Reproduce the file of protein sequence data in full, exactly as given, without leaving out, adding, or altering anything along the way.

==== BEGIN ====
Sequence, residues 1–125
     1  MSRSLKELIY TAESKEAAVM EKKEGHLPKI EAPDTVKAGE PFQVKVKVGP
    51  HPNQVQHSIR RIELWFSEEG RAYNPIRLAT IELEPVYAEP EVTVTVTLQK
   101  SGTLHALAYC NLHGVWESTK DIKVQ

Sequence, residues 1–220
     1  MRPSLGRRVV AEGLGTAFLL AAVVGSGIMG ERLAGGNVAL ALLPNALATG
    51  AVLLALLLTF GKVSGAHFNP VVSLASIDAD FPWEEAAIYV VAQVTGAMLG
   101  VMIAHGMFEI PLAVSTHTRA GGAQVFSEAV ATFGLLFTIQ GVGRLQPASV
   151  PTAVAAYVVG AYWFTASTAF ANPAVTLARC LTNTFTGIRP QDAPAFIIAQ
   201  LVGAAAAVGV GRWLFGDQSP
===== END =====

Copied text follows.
Sequence, residues 1–125
     1  MSRSLKELIY TAESKEAAVM EKKEGHLPKI EAPDTVKAGE PFQVKVKVGP
    51  HPNQVQHSIR RIELWFSEEG RAYNPIRLAT IELEPVYAEP EVTVTVTLQK
   101  SGTLHALAYC NLHGVWESTK DIKVQ

Sequence, residues 1–220
     1  MRPSLGRRVV AEGLGTAFLL AAVVGSGIMG ERLAGGNVAL ALLPNALATG
    51  AVLLALLLTF GKVSGAHFNP VVSLASIDAD FPWEEAAIYV VAQVTGAMLG
   101  VMIAHGMFEI PLAVSTHTRA GGAQVFSEAV ATFGLLFTIQ GVGRLQPASV
   151  PTAVAAYVVG AYWFTASTAF ANPAVTLARC LTNTFTGIRP QDAPAFIIAQ
   201  LVGAAAAVGV GRWLFGDQSP